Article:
It is widely believed that Apple will unveil iPhone 4.0 at this summer’s Worldwide Developer’s Conference and ship it shortly thereafter. There’s also a passing level of speculation that they will also deliver preliminary information about the next great reference release for Mac OS X, 10.7, sporting an unknown feline moniker.
The real question, however, is whether there’s a crying need for a successor to Snow Leopard, and therein lies a tale.
Now most of you know that 10.6 arrived last August, several weeks ahead of Apple’s promised delivery timeframe, with the usual amount of fanfare. But much of the advantages of Snow Leopard lie in its potential, rather than any visible improvements. Consider Grand Central Dispatch, which provides built-in tools to allow applications to better support all those recent Macs that are equipped at least two processor cores. Consider the plight of owners of those super-expensive Mac Pros, with eight powerful processor cores and not much to do with them.
Another advantage, enhanced 64-bit support, lets apps access more than 4GB of memory, which will surely make a difference when you are engaged in heavy-duty content creation, particularly when it involves image editing and 3D rendering. And don’t forget OpenCL, which passes off key processing tasks to the often underutilized graphics chips on your Mac.
As you have probably noticed, precious few apps have been updated to support the first or the last, and even Apple was slow to make their products 64-bit savvy. What this means is that Snow Leopard’s promised performance improvements remain just that — a promise. Yes, 64-bit can help some, but keeping all your Mac’s processor cores active as much as possible will have a more immediate impact. Even converting a big audio file from one format to another can benefit greatly, but how many apps out there use more than one processor core?
Now to be fair to the developers in our audience, I realize that supporting Grand Central Dispatch and OpenCL isn’t trivial. Apple provides enhanced tools to get the job done, but lots of work is still required. On the large, sprawling apps that benefit most, you can expect it will take months and months to ship upgrades.
Just the other day, I was reading some preliminary information about the forthcoming Adobe Creative Suite 5, which will include a 64-bit savvy Mac version of Photoshop. Yes, there was a 64-bit Windows version of CS4, but Adobe gave the excuse that the switchover to Intel hamstrung their developers, not giving them enough time to complete the job and deliver a Mac version without a substantial delay. That’s because Adobe took the easy way out in the early days of Mac OS X by porting their apps to Apple’s legacy Carbon environment.
Regardless of the pros and cons of the programming issues, it stands to reason that the expectations for Snow Leopard have yet to be fulfilled for most of you. Yes, maybe it’s a bit snappier and, for most, a little more stable. But the under-the-hood stuff isn’t doing what it was intended to do — yet!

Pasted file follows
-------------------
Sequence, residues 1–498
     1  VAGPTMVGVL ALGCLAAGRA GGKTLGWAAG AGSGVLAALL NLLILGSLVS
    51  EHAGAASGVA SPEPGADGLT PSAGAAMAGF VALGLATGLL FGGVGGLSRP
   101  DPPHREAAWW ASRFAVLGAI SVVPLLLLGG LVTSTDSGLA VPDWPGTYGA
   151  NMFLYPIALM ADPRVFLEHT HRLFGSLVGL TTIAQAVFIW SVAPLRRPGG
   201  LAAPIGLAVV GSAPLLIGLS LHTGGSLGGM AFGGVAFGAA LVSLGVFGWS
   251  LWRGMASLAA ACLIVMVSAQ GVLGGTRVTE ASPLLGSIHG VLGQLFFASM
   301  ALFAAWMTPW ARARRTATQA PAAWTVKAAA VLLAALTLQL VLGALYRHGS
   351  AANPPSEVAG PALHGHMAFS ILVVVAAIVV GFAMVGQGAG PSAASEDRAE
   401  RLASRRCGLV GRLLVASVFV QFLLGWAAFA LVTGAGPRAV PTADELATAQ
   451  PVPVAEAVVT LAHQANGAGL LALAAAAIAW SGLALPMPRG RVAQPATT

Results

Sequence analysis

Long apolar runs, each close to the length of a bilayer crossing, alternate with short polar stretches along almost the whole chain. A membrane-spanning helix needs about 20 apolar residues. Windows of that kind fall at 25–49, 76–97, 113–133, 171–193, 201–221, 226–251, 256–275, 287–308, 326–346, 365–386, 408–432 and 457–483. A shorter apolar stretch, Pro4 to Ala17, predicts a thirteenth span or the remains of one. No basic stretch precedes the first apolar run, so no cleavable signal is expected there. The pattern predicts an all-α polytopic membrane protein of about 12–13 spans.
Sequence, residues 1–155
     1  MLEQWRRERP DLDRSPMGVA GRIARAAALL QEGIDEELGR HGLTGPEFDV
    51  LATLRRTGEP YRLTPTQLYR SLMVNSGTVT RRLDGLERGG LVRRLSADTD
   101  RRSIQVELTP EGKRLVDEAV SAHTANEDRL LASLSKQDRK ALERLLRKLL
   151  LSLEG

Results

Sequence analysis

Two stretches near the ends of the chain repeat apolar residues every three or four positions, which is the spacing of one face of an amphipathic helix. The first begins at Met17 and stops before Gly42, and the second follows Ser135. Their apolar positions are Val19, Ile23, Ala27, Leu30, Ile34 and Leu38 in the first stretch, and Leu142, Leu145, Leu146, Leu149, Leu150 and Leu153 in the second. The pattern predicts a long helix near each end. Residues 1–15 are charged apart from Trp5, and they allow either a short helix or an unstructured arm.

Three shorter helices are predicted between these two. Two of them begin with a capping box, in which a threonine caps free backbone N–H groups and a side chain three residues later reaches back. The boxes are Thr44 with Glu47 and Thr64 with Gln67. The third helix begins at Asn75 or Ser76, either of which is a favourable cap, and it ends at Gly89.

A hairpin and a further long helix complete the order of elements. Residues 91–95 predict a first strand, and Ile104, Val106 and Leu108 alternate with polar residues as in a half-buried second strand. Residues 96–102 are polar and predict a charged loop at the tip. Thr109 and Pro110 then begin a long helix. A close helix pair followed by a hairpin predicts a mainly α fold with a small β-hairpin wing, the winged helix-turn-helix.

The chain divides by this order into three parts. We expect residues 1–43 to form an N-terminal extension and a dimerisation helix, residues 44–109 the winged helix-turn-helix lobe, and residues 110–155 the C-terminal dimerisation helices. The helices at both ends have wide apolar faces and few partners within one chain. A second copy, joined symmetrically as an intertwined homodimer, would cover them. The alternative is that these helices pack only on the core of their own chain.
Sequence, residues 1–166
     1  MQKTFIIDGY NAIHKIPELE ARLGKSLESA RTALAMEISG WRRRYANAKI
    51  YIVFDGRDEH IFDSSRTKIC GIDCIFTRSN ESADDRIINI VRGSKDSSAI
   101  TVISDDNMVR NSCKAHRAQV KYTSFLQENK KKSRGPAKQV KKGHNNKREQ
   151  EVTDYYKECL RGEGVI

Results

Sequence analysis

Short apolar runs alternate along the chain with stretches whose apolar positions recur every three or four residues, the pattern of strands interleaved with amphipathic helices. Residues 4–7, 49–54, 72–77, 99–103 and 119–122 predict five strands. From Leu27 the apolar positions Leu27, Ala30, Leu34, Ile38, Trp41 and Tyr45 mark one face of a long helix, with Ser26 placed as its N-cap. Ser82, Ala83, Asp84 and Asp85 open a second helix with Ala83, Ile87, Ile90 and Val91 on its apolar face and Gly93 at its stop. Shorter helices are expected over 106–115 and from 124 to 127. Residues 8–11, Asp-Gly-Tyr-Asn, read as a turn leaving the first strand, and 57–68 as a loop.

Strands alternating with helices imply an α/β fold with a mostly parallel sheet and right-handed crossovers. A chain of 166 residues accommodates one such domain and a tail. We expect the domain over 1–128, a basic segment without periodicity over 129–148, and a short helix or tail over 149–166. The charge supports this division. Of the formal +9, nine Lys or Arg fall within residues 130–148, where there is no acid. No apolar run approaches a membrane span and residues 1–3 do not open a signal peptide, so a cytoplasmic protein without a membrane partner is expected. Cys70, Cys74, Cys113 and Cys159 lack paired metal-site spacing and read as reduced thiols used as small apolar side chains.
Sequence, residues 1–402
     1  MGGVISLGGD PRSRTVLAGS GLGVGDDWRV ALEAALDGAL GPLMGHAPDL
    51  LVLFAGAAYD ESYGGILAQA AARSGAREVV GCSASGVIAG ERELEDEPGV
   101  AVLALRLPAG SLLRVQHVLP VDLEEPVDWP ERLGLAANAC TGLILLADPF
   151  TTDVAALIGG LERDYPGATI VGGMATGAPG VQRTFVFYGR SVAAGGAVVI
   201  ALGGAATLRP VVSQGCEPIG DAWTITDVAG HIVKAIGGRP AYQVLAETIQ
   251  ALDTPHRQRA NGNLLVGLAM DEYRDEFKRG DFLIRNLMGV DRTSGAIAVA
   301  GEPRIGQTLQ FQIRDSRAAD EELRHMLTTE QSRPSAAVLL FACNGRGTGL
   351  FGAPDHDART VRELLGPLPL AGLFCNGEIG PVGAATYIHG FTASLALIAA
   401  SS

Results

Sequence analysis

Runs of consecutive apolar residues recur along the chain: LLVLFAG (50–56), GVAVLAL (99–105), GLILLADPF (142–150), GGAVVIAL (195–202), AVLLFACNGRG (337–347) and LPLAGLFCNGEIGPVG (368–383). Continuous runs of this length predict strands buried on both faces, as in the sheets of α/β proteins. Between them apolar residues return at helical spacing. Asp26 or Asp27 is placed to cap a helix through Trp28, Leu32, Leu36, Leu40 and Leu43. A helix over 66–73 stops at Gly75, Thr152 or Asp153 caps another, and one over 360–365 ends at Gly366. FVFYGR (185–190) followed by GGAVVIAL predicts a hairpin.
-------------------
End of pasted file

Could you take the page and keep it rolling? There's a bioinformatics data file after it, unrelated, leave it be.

That being the case, where’s the rush to 10.7? Regardless of what Apple offers for the next major operating system upgrade, there will be those inevitable compatibility issues, even if the fundamentals of Grand Central Dispatch and OpenCL remain pretty much the same as they are now. Besides, how could Apple resist the temptation to tinker with a few odds and ends of the system plumbing to make it work better? No doubt there will also be interface changes and new features that developers will want to support.
So would it make sense for them to be forced to essentially suspend their Snow Leopard compatibility projects and spend the time and money moving to an even later operating system?
I’m sure little of this is lost on Apple. The other question is whether there’s any incentive to rush to upgrade Snow Leopard by the end of 2010 or even by the middle of 2011. Maybe there is, but I don’t see it, not when the existing operating system is working fine and Mac sales are still raging at a pretty good clip.
While Microsoft appears to be doing well with Windows 7, in terms of early adoption and potential business migrations, there’s little evidence that they have managed to stem the gradual erosion of their operating system’s market share. They haven’t slowed Mac sales, and making the swichover from XP to Windows 7 so difficult isn’t helping matters.
This isn’t to say that Apple will not stage a 10.7 technology demo at the WWDC. It’s possible they will, just to indicate what they’re working on, and provide a 15 to 18 month estimate for shipping a final version. That step would move the full feature rollout to WWDC 2011, which would seem a more sensible move.
It would also help developers if Apple assured them that they could continue to deliver Snow Leopard upgrades without having to confront major compatibility problems when 10.7 finally ships. But there’s no rush for them or us.
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